Detective Max Rupert and attorney Boady Sanden’s friendship is being pushed to the breaking point. Max is convinced that Jennavieve Pruitt was killed by her husband, Ben. Boady is equally convinced that Ben, his client, is innocent. As the case unfolds, the two are forced to confront their own personal demons.
Let justice be done though the heavens may fall.’
A body has been found, a probable homicide, and Detective Max Rupert and his partner, Detective Niki Vang are attending the scene. The body is discovered to be that of Jennavieve Pruitt. She has been brutally murdered and initial thoughts on the investigation, as far as Max can see, point to her husband, Ben, as the perpetrator.
Boady Sanden, hired by Ben as his attorney, is convinced his client is innocent. It took a lot to convince Boady to represent Ben – he hasn’t taken on a case since he lost his last one, which had a tragic outcome that he’s never been able to come to terms with. Boady hopes this might be an opportunity to redeem himself. He and Max are long time friends but this case will test their friendship to its limits.
Who found the body?”
“An early morning jogger,” Niki said, pointing to a man wearing a 1970s-styled headband and standing just beyond the crime-scene tape.
Max pulled a corner of the blanket back to uncover the woman’s head. Her hair, a paprika shade of red, was the same colour as Jenni’s, and for a razor thin moment, he saw Jenni’s face peeking out from behind the mess of red hair.
The Pruitt case resurrects old memories for Max. He’s still haunted by the death of his wife at the hands of a drunk driver four years earlier. There’s nothing Max would like better than to investigate his wife’s death, now classed as a cold case as no-one was brought to justice. It’s against procedure for him to get involved and Max has been warned off in no uncertain terms, but that’s not going to stop him when certain information comes to light.
The story is told from Max and Boady’s conflicting perspectives, so each side is open to speculation by the reader or listener. I found myself changing opinion from one to the other the whole way through. Both these characters are complex, likeable and well defined.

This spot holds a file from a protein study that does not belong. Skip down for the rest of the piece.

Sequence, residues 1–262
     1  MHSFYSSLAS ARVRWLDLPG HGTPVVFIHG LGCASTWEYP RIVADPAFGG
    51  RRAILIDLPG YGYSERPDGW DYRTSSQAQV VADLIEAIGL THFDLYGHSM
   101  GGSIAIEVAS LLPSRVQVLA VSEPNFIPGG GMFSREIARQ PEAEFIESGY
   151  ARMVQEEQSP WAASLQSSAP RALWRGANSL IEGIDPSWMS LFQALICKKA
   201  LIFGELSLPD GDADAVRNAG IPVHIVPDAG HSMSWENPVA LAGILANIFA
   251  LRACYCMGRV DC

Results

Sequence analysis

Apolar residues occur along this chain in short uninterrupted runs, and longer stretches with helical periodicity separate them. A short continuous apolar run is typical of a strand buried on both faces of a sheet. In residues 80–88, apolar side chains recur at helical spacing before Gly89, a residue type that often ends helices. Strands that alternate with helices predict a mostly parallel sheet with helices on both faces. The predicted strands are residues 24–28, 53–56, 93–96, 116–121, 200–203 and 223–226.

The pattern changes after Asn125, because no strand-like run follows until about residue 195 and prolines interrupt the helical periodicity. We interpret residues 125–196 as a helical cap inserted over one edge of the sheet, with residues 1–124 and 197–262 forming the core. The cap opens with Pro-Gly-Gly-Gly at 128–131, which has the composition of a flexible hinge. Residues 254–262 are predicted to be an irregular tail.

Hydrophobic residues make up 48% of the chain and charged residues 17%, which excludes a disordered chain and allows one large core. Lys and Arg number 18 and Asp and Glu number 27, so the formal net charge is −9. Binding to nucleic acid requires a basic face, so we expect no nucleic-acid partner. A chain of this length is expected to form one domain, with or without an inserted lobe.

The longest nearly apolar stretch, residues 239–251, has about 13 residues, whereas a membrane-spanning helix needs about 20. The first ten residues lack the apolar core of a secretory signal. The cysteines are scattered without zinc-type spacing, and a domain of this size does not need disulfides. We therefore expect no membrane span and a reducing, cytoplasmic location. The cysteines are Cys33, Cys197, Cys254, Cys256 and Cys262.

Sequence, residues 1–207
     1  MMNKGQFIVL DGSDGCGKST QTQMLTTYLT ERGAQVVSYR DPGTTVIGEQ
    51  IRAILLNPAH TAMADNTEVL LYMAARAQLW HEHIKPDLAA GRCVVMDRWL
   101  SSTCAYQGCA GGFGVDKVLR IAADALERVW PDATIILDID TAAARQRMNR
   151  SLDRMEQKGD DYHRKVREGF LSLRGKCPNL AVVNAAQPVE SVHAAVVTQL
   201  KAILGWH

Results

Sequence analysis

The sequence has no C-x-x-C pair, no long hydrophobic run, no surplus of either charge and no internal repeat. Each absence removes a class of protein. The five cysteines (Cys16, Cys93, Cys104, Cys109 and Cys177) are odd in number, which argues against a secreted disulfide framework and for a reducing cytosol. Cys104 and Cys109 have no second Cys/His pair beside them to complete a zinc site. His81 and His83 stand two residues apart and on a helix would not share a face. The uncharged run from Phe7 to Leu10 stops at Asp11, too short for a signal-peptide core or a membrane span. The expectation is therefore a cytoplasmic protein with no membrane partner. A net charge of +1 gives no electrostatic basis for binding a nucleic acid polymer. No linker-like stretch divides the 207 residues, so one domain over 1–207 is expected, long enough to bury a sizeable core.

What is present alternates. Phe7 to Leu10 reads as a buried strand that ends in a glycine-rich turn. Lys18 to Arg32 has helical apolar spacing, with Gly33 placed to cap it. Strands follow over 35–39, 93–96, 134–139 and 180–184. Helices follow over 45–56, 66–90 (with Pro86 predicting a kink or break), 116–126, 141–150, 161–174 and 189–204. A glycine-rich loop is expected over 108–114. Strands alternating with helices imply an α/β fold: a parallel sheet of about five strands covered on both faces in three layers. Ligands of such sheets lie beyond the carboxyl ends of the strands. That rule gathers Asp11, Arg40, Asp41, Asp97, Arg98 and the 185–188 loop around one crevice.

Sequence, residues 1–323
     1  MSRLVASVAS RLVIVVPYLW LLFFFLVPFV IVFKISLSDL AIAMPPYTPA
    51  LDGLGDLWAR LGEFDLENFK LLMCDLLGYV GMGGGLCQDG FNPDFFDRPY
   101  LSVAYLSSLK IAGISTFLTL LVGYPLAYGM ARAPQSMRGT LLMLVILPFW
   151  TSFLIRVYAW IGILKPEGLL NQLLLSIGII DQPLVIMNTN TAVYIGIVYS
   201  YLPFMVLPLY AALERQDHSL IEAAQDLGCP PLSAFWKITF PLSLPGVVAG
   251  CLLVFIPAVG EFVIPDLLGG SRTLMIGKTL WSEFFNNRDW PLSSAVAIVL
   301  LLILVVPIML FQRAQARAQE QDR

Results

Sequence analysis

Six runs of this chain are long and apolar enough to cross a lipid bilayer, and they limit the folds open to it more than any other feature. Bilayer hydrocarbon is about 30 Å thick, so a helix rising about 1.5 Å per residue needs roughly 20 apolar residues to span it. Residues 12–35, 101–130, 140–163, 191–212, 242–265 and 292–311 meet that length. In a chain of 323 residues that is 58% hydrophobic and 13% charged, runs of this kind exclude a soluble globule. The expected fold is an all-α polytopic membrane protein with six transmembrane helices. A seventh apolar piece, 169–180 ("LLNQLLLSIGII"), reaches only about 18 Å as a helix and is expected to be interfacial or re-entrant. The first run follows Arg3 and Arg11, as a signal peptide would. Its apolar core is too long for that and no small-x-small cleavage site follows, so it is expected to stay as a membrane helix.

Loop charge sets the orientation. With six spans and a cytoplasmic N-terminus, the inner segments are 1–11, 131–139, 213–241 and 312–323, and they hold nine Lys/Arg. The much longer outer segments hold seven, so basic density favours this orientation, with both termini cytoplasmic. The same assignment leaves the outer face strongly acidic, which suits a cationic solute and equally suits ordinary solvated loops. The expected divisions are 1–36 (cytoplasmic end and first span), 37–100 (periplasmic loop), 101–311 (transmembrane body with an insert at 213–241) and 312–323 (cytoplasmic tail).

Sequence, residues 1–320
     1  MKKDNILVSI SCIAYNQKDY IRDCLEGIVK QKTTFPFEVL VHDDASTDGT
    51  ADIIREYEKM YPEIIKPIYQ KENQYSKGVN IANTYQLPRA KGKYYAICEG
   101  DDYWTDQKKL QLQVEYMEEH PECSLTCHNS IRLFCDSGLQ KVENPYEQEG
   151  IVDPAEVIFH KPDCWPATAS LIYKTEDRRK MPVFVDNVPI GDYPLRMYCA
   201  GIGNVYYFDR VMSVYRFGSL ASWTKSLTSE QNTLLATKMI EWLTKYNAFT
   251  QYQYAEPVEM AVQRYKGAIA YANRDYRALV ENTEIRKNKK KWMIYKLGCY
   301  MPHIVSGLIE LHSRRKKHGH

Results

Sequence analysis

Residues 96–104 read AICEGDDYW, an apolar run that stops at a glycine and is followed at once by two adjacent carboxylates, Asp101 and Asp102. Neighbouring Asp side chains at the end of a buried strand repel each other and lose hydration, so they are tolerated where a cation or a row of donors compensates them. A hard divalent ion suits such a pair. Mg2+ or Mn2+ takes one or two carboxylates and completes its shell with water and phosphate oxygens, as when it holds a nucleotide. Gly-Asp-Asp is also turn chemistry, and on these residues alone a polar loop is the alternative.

The Heavens May Fall is a mixture of police procedural and courtroom drama, both particularly well executed and compelling, keeping up the momentum and suspense.
I haven’t read these books in chronological order, not initially realising they connected to each other, but each can easily be read as a standalone or randomly as I seem to be doing. Even if some plot points won’t be a total surprise I’m loving the books which are extremely well written and plotted. I didn’t see the major twist coming at the end of this one at all.
The narration is spot on. I always enjoy RC Bray as narrator and all three did a superb job defining the characters.
Allen Eskens is the USA Today-bestselling author of The Life We Bury, The Guise of Another, The Heavens May Fall, the Deep Dark Descending and The Shadows We Hide. He is the recipient of the Barry Award, Rosebud Award, Minnesota Book Award, and the Silver Falchion Award and has been a finalist for the Edgar Award, Thriller Award, and Anthony Award. His work had been published in 21 languages and his debut novel, The Life We Bury is being developed for a feature film. Allen lives with his wife, Joely, in greater Minnesota and is represented by Amy Cloughley of Kimberley Cameron and Associates, and is published by both Seventh Street Books and Mulholland/Little Brown. To learn more about Allen, go to www.alleneskens.com.